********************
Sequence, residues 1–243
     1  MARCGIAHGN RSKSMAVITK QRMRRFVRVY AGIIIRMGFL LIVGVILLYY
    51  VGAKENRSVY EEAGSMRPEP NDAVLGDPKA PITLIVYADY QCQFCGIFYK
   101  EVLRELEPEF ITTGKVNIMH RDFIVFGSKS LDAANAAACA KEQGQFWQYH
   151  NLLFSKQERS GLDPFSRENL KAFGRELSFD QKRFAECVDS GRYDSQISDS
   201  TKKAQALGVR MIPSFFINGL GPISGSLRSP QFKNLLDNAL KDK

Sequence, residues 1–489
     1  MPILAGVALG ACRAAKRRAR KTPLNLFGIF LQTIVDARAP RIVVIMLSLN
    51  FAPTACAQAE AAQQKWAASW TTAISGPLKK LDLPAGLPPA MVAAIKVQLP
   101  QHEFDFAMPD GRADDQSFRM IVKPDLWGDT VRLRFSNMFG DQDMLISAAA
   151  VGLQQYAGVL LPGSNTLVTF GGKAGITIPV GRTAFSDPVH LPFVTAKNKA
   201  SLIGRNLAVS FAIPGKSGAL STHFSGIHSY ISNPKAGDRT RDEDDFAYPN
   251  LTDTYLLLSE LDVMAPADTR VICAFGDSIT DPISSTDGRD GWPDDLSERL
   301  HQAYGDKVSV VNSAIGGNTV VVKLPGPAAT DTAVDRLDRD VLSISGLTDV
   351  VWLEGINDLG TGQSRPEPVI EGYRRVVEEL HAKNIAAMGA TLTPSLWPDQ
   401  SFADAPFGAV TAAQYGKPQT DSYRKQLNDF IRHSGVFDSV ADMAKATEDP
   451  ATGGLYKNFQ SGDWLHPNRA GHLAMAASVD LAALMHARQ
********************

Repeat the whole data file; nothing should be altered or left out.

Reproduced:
Sequence, residues 1–243
     1  MARCGIAHGN RSKSMAVITK QRMRRFVRVY AGIIIRMGFL LIVGVILLYY
    51  VGAKENRSVY EEAGSMRPEP NDAVLGDPKA PITLIVYADY QCQFCGIFYK
   101  EVLRELEPEF ITTGKVNIMH RDFIVFGSKS LDAANAAACA KEQGQFWQYH
   151  NLLFSKQERS GLDPFSRENL KAFGRELSFD QKRFAECVDS GRYDSQISDS
   201  TKKAQALGVR MIPSFFINGL GPISGSLRSP QFKNLLDNAL KDK

Sequence, residues 1–489
     1  MPILAGVALG ACRAAKRRAR KTPLNLFGIF LQTIVDARAP RIVVIMLSLN
    51  FAPTACAQAE AAQQKWAASW TTAISGPLKK LDLPAGLPPA MVAAIKVQLP
   101  QHEFDFAMPD GRADDQSFRM IVKPDLWGDT VRLRFSNMFG DQDMLISAAA
   151  VGLQQYAGVL LPGSNTLVTF GGKAGITIPV GRTAFSDPVH LPFVTAKNKA
   201  SLIGRNLAVS FAIPGKSGAL STHFSGIHSY ISNPKAGDRT RDEDDFAYPN
   251  LTDTYLLLSE LDVMAPADTR VICAFGDSIT DPISSTDGRD GWPDDLSERL
   301  HQAYGDKVSV VNSAIGGNTV VVKLPGPAAT DTAVDRLDRD VLSISGLTDV
   351  VWLEGINDLG TGQSRPEPVI EGYRRVVEEL HAKNIAAMGA TLTPSLWPDQ
   401  SFADAPFGAV TAAQYGKPQT DSYRKQLNDF IRHSGVFDSV ADMAKATEDP
   451  ATGGLYKNFQ SGDWLHPNRA GHLAMAASVD LAALMHARQ